4:22am: Where's my peanut butter, mom? He knows the sound the jar makes when I open it and comes running every time.

 4:25am: Ready to go! Spandex is a really flattering look, in case you didn't know.

4:27am: I think I'm forgetting's my Sweaty Band! It's right there waiting for me when I open the dryer. I take that as a good omen.

4:30am: Check to see if my ride is here. Not yet. Still dark outside. 

4:32am: Legs up the wall while I wait.

4:35am: Ride's here, time to go!

4:56am: Arrive at my dad's house. Load bikes onto his car - our friend's is in front, my dad's is behind it but it's black and still dark outside so you can't see it #triathleteprobs, and mine is in the back of the car.

5:55am: Arrive at triathlon location. Pump tires, double check bags, get ready to head to transition.

Tri term #1: Transition - Designated area for gear needed for all 3 events. This is where the bike, shoes, and anything else you need stay while you're out on the course. You come back to it after the swim to - you guessed it - transition to the bike, then again after the bike to transition to the run.

6:15am: All ready!

6:20am: Get to check-in area, present ID and USAT card, and pick up packet.

Tri term #2: USAT - USA Triathlon, the official governing body for triathlon. Everyone competing must be covered by USAT and can do so by either purchasing an annual membership for $45 or a one-day membership for the event for $12. If doing the one-day option, that's an additional cost added to registration. Triathlons are expensive, y'all.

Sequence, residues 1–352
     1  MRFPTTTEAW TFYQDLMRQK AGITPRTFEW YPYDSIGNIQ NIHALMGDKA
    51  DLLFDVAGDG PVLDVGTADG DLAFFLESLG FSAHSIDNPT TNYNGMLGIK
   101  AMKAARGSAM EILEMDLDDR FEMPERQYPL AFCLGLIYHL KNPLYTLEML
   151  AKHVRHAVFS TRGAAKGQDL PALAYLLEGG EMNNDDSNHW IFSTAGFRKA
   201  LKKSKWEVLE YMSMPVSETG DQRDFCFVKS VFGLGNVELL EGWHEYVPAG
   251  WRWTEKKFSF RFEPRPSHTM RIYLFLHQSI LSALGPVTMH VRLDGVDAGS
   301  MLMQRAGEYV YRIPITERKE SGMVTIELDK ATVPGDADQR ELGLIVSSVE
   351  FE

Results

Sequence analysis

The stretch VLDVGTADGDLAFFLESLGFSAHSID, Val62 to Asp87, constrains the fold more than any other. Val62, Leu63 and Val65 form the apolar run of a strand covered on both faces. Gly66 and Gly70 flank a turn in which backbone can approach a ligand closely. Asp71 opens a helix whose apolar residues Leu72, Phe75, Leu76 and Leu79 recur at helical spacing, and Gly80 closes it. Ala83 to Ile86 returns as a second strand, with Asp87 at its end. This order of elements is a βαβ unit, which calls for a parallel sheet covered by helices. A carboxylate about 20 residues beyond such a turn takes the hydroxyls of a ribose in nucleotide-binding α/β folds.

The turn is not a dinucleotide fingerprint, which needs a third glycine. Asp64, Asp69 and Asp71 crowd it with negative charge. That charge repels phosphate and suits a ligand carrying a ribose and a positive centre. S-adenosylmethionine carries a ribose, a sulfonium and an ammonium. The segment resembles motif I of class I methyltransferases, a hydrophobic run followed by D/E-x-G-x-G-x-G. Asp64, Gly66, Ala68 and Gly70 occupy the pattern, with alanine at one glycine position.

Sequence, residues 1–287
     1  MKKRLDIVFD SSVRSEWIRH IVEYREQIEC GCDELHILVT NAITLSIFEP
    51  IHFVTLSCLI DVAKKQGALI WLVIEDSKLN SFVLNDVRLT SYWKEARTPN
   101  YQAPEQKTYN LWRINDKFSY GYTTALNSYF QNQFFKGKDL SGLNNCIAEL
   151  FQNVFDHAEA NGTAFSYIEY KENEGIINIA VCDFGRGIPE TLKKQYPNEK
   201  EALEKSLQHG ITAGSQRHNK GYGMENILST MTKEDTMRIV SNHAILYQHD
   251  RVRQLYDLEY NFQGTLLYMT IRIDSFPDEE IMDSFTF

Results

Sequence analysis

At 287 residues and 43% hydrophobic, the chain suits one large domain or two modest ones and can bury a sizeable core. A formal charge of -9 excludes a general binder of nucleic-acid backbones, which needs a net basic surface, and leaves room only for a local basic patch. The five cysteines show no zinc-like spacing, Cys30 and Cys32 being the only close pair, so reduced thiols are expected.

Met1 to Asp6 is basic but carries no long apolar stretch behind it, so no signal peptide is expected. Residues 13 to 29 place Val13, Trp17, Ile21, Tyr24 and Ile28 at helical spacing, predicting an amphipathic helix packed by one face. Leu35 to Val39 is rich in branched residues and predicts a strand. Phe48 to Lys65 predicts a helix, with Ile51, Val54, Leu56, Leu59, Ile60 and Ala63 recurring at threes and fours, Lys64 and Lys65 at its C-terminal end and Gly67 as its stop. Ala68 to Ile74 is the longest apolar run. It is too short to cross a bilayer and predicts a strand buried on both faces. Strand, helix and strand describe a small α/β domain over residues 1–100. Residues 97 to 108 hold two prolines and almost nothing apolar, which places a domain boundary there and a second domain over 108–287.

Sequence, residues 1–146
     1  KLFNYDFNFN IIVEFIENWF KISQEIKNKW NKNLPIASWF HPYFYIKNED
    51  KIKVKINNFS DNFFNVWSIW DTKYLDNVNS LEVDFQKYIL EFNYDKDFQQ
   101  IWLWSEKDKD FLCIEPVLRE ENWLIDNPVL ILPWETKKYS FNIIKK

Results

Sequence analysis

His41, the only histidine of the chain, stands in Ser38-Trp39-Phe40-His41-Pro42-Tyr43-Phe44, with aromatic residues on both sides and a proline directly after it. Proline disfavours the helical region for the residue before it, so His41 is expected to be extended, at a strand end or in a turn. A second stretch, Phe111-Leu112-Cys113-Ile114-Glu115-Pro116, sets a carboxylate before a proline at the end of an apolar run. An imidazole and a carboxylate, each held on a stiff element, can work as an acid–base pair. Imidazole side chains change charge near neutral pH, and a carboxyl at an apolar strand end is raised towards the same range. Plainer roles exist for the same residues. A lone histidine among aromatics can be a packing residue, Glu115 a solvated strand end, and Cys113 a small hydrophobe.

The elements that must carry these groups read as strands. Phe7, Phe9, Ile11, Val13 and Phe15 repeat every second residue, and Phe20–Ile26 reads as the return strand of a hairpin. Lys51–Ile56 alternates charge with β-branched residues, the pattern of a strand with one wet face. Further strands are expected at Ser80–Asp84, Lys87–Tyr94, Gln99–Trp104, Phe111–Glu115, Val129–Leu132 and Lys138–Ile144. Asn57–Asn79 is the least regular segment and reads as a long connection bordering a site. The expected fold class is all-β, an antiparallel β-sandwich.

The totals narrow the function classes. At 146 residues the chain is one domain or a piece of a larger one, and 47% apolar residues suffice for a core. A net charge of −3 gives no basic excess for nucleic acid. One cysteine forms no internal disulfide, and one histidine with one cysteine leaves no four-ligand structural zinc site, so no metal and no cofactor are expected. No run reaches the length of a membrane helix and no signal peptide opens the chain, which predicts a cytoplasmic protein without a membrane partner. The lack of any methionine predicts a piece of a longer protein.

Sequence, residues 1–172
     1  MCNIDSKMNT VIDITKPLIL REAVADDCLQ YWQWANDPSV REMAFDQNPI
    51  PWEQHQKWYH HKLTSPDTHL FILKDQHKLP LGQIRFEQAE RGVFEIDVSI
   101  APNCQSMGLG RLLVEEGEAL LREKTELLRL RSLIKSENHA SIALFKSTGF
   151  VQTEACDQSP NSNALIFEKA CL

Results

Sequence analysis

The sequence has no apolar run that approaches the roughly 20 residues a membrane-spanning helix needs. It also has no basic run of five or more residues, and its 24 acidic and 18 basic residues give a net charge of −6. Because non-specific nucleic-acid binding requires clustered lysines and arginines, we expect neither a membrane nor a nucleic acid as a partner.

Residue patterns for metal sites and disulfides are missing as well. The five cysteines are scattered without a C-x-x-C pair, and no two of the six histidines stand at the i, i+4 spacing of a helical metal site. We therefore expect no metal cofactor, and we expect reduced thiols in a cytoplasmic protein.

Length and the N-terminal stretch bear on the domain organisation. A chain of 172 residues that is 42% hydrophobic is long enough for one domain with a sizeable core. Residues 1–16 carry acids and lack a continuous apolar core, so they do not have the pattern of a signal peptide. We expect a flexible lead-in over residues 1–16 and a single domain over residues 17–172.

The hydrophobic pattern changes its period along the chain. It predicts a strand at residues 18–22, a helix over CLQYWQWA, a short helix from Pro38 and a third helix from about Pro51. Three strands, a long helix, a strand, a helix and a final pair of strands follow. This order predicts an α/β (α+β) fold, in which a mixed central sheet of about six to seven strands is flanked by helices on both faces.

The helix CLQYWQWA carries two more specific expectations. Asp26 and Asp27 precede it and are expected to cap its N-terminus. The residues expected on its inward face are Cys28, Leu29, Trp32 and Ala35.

Tri term #3: Packet - Like a running race, the packet includes the bib and SWAG (including t-shirt). Triathlon packets also have 2 stickers with your number on them. One goes on the middle bar of the bike and one goes on the front of the helmet. 

6:25am: Get body marked. Feel badass.

Tri term #4: Body marking - Race number Sharpied onto your upper arms and age onto the back of your calf. I don't actually know the reason for this but I think it's to serve as your "bib" for the swim, for identification purposes. No one I know knows the real reason why your age has to be on your calf, except that it makes it easy to identify the people in your age group to pass them on the bike and run ;)

6:27am: Almost forgot my timing chip! Run back to get it and now I'm ready. 

6:30am: Transition area all set up! The time spent in transition is added into your overall time, so the goal is to set everything up logically so you can get out of there as quickly as possible! 

6:35am: Squeeze into my wetsuit

6:40am: Pre-race porta potty visit, the most important part of any race!

6:45am: Transition closes, which means my phone is no longer accessible, so no pictures for a few hours!

6:50am: Notice that one side of my goggles is broken. Awesome. Hope they last for the swim.

6:52am: Walk down to the beach where the swim starts. 

7:00am: The race starts! Still have 8 minutes before it's my turn, though.

7:05am: Get into the water and wait for my wave's turn. Some races have you start on the beach at the edge of the water, some have you start in the water.

Tri term #5: Wave - also like running races, not everyone starts at once. Instead, there are waves/corrals that start at different times. Unlike running races, where the corrals are based on pace, triathlon waves are broken up according to gender, age, or both. This was a fairly small race so all the women were in one wave.

7:08am: The horn sounds for my wave to start!

~7:10am: Spend the first couple of minutes trying not to get hit or kicked in the face. Successful.

~7:13am: Make it to the first buoy and make the first turn. There are several large, inflatable buoys to help guide swimmers in the right direction, and even larger buoys in a different color to signify where to turn.